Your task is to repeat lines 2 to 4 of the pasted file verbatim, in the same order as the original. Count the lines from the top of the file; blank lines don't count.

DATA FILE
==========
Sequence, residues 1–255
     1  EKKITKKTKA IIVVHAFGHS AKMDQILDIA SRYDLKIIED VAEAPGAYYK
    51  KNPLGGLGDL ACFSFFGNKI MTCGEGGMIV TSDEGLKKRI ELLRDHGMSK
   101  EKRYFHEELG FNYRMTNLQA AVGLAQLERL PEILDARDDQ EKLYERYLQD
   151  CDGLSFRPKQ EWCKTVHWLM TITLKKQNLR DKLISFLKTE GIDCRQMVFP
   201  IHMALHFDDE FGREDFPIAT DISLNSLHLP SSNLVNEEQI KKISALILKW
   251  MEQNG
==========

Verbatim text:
     1  EKKITKKTKA IIVVHAFGHS AKMDQILDIA SRYDLKIIED VAEAPGAYYK
    51  KNPLGGLGDL ACFSFFGNKI MTCGEGGMIV TSDEGLKKRI ELLRDHGMSK
   101  EKRYFHEELG FNYRMTNLQA AVGLAQLERL PEILDARDDQ EKLYERYLQD